What’s the secret to success?

When I was a college student, I spent several school vacations temping as an administrative assistant at a savings bank in mid-town Manhattan. The bank offices had a little lunch room, hidden away behind a nondescript door down a long corridor. One day, a few of us were sitting around the lunch table chomping on the latest delicacy from the local Burger Heaven. It was a collegial bunch: a couple of administrative assistants, two real estate appraisers, someone from the mortgage department, our public relations guy and Larry, the bank’s comptroller, a highly accomplished, successful and personable banker. One of the appraisers raised a question: “What does it take to be successful?”

Somebody said, “You have to work really hard!” One of our skeptics retorted, “No, you just have to be politically savvy. It doesn’t matter how hard you work if you don’t know the right people!” The fellow from the mortgage department suggested that you need to get several college and graduate degrees. At that point, Larry put his sandwich down and said, “You know what? All you really need to be successful in life is to be able to do some math, write well and be able to talk with people. It doesn’t really matter how many degrees you get or how political you are.” We all stopped talking and gave some thought to his statement. It seemed so simple, yet the more we thought about it, the more profound it became.

I considered his advice in relation to myself: I was 21 years old, studying engineering, so I felt that I had the “math” part covered. I’d always done well in my Literature courses, so I checked off the “writing” part. But I wasn’t quite sure what Larry meant by “being able to talk with people”, how that was different from being “political” and why that would be more important than earning educational degrees. Moreover, I was a quiet, shy person—it was hard for me to find my way to reach out to others and wasn’t quite sure how to do this. Couldn’t I just work hard and do good work?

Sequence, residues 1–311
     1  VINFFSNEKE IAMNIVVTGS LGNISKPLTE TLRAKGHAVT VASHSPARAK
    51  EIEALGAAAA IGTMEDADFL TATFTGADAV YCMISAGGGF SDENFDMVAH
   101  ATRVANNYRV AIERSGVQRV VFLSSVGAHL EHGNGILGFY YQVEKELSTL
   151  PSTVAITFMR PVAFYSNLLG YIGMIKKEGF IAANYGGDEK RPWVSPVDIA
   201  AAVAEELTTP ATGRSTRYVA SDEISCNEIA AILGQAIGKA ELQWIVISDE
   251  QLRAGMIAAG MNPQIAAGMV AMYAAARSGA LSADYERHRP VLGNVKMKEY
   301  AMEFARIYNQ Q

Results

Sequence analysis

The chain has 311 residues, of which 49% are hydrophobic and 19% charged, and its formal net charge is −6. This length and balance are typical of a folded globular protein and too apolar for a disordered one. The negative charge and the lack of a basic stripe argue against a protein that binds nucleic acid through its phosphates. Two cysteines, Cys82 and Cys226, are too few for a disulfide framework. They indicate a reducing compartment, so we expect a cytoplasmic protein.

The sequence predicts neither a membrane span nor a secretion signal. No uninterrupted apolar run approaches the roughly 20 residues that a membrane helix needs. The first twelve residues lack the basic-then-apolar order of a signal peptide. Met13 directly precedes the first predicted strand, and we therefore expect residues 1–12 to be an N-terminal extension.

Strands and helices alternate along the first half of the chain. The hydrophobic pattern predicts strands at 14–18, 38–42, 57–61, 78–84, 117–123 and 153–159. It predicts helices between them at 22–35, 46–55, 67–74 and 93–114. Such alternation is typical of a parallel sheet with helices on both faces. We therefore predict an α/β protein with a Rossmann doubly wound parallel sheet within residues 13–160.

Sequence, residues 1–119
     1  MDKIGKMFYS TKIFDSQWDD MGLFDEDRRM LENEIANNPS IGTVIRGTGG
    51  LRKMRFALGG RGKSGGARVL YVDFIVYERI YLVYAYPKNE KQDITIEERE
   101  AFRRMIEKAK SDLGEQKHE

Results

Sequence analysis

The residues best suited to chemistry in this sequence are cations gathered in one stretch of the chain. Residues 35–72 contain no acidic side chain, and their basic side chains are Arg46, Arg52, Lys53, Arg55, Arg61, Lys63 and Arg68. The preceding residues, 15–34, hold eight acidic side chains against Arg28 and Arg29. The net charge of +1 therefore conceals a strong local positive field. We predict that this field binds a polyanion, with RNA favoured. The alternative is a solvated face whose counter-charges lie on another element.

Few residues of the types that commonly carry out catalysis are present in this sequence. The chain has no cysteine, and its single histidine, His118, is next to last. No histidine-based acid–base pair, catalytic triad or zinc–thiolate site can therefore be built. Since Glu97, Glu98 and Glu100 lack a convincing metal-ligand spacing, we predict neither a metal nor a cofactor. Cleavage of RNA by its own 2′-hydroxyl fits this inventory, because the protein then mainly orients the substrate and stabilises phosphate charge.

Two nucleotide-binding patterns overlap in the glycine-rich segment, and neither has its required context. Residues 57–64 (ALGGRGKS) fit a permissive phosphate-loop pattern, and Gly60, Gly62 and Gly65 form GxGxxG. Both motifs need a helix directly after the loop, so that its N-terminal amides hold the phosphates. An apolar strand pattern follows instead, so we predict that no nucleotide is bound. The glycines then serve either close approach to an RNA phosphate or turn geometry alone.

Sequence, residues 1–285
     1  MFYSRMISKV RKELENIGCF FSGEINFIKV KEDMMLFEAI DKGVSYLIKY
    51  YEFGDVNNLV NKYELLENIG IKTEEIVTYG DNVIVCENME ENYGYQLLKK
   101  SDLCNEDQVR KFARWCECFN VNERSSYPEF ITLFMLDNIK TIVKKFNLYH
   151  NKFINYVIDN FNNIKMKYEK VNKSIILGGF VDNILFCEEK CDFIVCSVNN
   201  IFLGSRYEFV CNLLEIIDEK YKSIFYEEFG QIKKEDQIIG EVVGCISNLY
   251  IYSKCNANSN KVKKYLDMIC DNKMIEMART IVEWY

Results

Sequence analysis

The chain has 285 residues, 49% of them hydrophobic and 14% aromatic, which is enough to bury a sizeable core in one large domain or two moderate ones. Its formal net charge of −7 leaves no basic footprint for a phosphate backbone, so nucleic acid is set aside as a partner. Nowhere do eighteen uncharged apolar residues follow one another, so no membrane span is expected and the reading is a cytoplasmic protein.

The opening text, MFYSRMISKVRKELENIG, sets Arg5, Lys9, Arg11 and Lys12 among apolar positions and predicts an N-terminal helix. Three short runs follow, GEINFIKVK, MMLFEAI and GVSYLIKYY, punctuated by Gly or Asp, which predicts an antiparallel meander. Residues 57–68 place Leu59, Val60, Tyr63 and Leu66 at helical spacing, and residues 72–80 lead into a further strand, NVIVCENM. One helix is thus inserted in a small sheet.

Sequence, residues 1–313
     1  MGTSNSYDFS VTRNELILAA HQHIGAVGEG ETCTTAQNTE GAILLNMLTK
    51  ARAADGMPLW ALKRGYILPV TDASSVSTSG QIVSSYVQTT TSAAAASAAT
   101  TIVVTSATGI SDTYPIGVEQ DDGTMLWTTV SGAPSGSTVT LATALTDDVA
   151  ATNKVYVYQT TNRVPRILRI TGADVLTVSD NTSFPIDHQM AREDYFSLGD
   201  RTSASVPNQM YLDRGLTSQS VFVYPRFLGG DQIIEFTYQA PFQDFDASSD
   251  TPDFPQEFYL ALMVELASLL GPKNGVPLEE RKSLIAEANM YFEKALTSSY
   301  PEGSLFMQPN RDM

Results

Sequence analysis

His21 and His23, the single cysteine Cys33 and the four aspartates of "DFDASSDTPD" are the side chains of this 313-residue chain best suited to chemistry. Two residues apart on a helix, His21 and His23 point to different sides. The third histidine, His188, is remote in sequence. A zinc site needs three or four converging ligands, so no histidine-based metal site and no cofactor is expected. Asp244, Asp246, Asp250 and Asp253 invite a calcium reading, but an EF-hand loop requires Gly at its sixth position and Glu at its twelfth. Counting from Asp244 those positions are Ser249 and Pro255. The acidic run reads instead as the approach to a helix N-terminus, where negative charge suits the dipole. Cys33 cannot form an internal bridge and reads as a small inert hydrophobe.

I asked him to tell us his story. He had been the first person in his family to go to college and worked his way through his accounting program. All along, he had sought advice from mentors. His math skills provided his technical expertise. He established his credibility by being able to express himself in concise and accurate reports and by reaching out to others—talking with people. He said that every successful person he had encountered in his 25-year career possessed these three skills.

The most critical skill, and the most challenging, Larry said, was the “people” part. Finding a mentor whom you could ask for advice and who could honestly critique your style and work was vital. Creating and maintaining relationships with other people would lead not just to opportunities, but to a fulfilling and enjoyable career. “Talking with people” was completely different from being political, which he saw as akin to “using” people. When I mentioned to him that I tend to be a shy person, he advised me to be on the lookout for someone who was impressed with my work—that person could be my mentor. He also suggested that I find my own way to connect with and speak to other people and it would never let me down. Being open to others and practicing different ways of reaching out to them, would help me find my unique way of bonding with the people in my life.

Indeed, following Larry’s advice was how I found my first job as a patent attorney. During my time at the bank, I had the opportunity to chat with both the administrative staff and the officers of the bank. The bank’s Vice Chairman had recently retired as Associate General Counsel at the Law Department of the large chemical company across the street from the bank. He, his secretary and I had had some enjoyable conversations while I worked at the bank. During my job search in my third year in law school, I visited my friends at the bank and stopped by his office to say hello. During the course of our conversation, he recommended that I contact the Chief Patent Counsel of his former employer at his suggestion. This led to my first legal job after law school, for which I have been ever grateful.

I’ve always remembered Larry’s advice: it was really the first time I had considered what it meant to find my own voice and use it to create relationships and connections with others, both professionally and personally. If you’re interested in exploring this skill, please contact me!

How Do I Give Bad News to a Quick-Tempered Client?